But there was a remnant left, selected out of grace, that in the face of that Demonic revolution, fought and died for the right and the honor to say these words: Voilà ma gloire, mon espérance et mon soutien, mon chant s'amour et de victoire : Je suis chrétien ! Je suis chrétien.

I am Christian! I am Christian.

They were called les Chouans, because of their battle cry, which imitated the call of the screech owl.

They screamed like screech owls as they raced onto battlefields where they were hopelessly outnumbered.

They too had been denied their priests, their Catholic way of life, their Mass, their sacrament.

They were being hunted down like animals.

They, too, took to the forests, held Mass in secret and waged guerilla warfare on ruthless oppressors-- Les Blues. The Republican trained soldiers—their own countryman who’d become their mortal enemies through the aegis of their apostasy.  

vendee 1

The Royal and Catholic Army of the Vendee was made up of Peasants and Nobles, fathers and sons, priests and tradesmen—the remnant of Catholic France. They fought with crude weapons; whatever they had on hand. And they fought like giants, ferocious in the defense of hearth and home, Mass and priest, altar and throne.

War between the Vendeans and the central government in Paris erupted in early 1793 and lasted until early 1795.

Even Napoleon Bonaparte was in admiration of the Vendeans. He refused a commission to fight against them and called the war in the Vendee Le Combat des Géants.  He noted that the Vendeans, had they not “gone home” after every successful campaign, were so formidable that they could have reached Paris and crushed the Revolution itself. But they always wanted to go home to their wives and children, to be left alone.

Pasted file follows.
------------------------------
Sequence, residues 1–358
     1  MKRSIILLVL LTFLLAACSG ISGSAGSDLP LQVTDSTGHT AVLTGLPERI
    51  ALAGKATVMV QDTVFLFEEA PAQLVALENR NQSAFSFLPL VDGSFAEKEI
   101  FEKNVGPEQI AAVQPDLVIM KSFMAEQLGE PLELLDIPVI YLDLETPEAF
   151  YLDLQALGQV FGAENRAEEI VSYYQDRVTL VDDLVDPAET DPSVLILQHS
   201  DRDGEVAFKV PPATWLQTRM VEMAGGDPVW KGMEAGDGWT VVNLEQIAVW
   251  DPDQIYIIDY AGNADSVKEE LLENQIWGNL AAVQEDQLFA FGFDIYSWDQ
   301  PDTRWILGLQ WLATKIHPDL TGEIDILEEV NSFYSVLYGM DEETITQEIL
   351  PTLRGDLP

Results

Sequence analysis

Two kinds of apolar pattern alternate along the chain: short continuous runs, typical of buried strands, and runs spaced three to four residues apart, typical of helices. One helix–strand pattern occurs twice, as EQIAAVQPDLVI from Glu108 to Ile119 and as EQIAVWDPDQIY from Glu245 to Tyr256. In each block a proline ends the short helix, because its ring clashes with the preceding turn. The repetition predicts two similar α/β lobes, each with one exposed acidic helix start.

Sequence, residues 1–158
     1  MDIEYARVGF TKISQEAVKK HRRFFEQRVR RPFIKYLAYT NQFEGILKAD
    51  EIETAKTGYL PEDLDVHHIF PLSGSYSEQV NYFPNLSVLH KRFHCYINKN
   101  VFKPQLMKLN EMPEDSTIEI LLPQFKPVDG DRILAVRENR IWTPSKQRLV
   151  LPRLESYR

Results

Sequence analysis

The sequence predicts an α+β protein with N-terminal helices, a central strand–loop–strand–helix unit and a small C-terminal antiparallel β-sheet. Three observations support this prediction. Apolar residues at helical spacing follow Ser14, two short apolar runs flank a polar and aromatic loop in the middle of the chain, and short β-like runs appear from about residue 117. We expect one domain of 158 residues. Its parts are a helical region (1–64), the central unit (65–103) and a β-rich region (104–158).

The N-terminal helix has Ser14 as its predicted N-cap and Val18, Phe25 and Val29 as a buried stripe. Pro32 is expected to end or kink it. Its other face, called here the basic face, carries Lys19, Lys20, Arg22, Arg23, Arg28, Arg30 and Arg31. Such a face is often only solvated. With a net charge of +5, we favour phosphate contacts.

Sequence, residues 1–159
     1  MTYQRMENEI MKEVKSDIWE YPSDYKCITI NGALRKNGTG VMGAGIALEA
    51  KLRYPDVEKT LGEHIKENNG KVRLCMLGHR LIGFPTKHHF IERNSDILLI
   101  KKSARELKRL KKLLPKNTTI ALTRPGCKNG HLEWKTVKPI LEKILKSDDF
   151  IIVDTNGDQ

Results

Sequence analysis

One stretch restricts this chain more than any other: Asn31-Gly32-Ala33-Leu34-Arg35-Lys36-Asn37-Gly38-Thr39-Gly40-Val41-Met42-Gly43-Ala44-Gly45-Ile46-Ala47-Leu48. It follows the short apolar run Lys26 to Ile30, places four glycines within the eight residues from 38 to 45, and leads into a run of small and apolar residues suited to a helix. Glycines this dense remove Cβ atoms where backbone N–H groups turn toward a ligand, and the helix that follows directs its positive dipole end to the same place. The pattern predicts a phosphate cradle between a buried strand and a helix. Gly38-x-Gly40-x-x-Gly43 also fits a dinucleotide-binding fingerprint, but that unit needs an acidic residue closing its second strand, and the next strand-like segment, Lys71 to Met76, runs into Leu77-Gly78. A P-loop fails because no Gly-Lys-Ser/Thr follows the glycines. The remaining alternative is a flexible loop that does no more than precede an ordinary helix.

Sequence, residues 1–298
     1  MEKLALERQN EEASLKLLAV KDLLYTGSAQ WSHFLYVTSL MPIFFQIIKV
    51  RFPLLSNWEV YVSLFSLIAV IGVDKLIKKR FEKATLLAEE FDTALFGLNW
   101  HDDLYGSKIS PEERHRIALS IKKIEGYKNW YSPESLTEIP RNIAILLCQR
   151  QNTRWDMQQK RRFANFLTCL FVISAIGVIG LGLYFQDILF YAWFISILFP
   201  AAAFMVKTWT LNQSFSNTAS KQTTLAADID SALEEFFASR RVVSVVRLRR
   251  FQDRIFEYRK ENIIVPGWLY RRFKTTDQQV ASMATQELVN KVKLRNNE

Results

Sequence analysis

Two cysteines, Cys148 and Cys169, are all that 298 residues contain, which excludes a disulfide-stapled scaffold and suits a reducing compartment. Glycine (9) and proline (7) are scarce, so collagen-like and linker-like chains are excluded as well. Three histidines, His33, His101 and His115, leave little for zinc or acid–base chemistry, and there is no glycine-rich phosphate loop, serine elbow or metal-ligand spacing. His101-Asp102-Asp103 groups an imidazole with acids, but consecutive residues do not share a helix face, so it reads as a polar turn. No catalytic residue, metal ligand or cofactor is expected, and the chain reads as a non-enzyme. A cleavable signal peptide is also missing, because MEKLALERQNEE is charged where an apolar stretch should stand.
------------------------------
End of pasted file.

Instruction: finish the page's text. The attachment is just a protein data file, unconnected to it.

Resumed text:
In his The French Genocide: The Vendee, Catholic author Reynald Secher notes that in 1789, the people of the Vendee region in western France “were not incited by their priests to riot and rebel.  In fact, they recognized a need for reforms in France.”

Common people there looked forward to relief from a taxation that had grown especially heavy during the support King Louis XVI had given to the American War of Independence. They looked forward also to relief from the forced work on roads and other projects.

But what they did not realize at first was that the Revolution was against the entire Catholic social order—including the Catholic Mass, the Papacy and the Kings and Queens of Christendom.

marie antionetteMarie Antoinette 

The Vendeans refused to go along with the Revolution and were denounced as enemies of the people.

The great defenders of liberty and equality and toleration turned against their own first, and what happened in the Vendee was the Enlightenment’s first genocide.

In the face of the banner of the Enlightenemnt, the Vendeans raise another banner—the banner of Christ the King. The banner of the Sacre Coeur, and for this the Vendeans were labeled as brigands who "must be exterminated."

Secher quotes one of the Revolutionaries as saying "We must crush the internal enemies of the Republic or perish along with it."

A call went out from Paris to "depopulate the Vendee." The Vendeans were spoken of as a race apart, and a call was made to "purge the soil of freedom of that cursed race."

"At least 307,257 people were massacred between 1792 and 1802," and more than 14 percent of the Vendeans were exterminated.